• Neutering is the removal of your male cat’s testicles. This involves sterilization and elimination of male hormones. The former means your pet can no longer breed or produce kittens. Take this into consideration before pushing through the procedure.
  • Male hormones, on the other hand, are associated with testosterone which controls sexual behavior. You can notice the differences in a male cat before and after neutering. The procedure helps reduce aggressiveness towards other felines.
  • Your neutered cat can also continue spraying or marking their territory. But unlike intact males with pungent or strong-smelling urine, castrated males’ urine becomes less odorous.
  • There are also impressions that neutered cats become fat. But this is only because they are no longer too engrossed in fighting, mating, and roaming often.

Take note of all these factors as it is your responsibility towards your male cat, before and after neutering, to keep it happy and healthy.

Recovery After Neutering


A neutered cat after surgery will experience post-operative side effects.

  • As it is still under the effects of the anesthetic, your cat may suffer or go through nausea, lethargy, vomiting, and loss of appetite, among others.
  • They may also have difficulty relieving themselves. Remember that your cat is in pain during this time. It is important to note that these symptoms may last within 24-48 hours.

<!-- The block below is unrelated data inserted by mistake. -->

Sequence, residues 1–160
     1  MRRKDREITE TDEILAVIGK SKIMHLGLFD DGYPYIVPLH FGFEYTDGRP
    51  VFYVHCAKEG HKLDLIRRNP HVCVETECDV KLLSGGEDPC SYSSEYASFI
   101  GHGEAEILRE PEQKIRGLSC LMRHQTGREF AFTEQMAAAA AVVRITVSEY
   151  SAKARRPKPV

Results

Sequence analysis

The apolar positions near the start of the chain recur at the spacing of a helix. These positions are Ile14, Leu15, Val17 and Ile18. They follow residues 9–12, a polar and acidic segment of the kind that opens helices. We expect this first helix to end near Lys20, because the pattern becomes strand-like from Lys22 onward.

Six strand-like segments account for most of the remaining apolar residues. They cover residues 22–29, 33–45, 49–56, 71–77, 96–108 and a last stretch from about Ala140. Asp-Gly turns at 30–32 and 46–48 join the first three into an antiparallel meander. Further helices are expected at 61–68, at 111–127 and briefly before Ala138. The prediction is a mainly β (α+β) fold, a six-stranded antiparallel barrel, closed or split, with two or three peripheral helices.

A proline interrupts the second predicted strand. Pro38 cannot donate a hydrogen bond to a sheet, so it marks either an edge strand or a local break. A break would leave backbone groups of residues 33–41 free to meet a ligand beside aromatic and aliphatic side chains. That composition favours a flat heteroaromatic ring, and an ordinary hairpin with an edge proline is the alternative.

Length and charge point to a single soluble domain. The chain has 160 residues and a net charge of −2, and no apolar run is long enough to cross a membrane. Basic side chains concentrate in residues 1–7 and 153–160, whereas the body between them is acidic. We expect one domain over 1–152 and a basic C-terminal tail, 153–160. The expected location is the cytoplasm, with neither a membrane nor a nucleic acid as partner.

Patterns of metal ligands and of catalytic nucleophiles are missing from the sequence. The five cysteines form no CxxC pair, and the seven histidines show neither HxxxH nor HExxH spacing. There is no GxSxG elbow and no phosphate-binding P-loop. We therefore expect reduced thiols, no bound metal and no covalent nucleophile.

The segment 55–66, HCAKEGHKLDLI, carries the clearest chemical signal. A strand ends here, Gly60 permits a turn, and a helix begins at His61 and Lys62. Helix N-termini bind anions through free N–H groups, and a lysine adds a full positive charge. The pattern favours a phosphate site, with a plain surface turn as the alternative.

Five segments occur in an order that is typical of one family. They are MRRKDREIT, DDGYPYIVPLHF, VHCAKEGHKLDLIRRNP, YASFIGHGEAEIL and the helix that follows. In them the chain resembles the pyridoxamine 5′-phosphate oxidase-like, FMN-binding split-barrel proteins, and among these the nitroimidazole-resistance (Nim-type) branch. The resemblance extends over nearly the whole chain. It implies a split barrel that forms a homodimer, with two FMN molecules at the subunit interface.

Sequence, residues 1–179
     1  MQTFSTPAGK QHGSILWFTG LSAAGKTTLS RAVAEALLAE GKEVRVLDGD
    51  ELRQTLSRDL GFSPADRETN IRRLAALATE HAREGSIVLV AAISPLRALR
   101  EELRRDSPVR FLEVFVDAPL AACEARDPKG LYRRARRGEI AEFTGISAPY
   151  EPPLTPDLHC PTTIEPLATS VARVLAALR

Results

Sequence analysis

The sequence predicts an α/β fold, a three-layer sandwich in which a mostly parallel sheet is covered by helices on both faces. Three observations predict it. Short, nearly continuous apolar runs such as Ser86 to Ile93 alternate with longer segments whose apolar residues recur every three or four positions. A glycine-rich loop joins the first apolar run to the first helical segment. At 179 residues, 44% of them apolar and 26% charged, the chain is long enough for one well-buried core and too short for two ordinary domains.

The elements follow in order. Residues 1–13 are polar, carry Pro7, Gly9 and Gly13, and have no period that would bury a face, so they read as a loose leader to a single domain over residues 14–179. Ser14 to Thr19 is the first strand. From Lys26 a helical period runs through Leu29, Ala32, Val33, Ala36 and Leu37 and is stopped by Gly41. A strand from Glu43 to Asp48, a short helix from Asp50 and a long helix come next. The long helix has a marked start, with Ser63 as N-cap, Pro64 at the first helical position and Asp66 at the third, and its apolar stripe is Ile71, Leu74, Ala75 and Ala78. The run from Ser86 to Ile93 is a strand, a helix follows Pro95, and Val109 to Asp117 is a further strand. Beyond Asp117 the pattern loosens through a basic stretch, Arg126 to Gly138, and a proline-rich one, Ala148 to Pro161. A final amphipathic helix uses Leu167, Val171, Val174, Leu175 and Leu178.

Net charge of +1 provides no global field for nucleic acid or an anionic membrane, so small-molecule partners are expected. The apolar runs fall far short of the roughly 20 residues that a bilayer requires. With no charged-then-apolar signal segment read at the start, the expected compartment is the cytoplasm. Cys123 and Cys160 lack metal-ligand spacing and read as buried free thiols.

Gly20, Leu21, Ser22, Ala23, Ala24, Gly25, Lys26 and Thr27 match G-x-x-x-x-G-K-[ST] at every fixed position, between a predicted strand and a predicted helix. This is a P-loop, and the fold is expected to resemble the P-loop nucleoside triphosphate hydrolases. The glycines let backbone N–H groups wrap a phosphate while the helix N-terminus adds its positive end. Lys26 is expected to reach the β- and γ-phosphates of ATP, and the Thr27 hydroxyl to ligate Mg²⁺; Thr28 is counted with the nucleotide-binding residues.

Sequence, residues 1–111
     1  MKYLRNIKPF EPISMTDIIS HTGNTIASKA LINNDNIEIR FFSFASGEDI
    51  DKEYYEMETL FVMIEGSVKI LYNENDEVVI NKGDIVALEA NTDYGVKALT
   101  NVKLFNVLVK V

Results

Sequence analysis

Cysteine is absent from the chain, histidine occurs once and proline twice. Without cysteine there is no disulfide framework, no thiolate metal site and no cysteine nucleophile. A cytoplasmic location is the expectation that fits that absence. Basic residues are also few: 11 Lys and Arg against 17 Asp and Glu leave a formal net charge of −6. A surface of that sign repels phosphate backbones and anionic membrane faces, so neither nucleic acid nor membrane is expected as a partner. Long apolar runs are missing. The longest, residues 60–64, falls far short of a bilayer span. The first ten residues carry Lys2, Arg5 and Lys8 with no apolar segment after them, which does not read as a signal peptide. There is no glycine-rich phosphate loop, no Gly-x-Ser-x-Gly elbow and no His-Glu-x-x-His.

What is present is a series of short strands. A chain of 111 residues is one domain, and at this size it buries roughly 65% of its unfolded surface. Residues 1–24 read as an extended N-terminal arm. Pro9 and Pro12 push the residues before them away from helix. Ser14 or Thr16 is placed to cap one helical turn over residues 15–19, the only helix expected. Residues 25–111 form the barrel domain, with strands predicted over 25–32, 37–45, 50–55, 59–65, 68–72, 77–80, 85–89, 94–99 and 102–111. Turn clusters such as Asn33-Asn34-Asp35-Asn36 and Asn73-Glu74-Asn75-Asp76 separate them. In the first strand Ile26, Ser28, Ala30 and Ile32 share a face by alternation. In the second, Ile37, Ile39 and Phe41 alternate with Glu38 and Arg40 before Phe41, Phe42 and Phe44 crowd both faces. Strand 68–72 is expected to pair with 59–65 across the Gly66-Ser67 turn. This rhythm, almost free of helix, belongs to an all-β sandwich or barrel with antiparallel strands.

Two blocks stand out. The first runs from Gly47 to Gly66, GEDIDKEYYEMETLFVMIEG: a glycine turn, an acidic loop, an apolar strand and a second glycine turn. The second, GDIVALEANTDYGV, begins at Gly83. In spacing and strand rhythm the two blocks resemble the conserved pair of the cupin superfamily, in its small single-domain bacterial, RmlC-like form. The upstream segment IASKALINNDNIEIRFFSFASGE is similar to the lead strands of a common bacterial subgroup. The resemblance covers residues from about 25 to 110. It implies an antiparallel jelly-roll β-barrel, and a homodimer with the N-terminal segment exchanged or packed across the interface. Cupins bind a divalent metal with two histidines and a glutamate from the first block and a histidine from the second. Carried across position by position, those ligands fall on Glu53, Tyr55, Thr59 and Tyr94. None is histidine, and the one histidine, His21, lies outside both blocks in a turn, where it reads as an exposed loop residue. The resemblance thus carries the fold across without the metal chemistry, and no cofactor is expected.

These are common, so you don’t have to stress out when any of these happen. You need to keep calm and follow the post-operation guidelines the veterinarian sent you.

Upon arriving home, bring your cat to a dark and quiet area for aftercare. Make sure there is no one and nothing to disturb your feline friend.

After all, it is still sensitive and uncomfortable from the procedure.

Here are the crucial steps you need to take in the first 24 hours:

  • Place your cat’s food and water bowls and the litter box close to their resting area. This is to prevent them from exerting effort in moving. Their incision is still fresh, so any sudden movements can cause injuries.
  • Let them eat only in small portions to minimize vomiting.
  • The litter box should contain torn newspaper strips only. Using regular litter can stick to the incision part, and this must be avoided.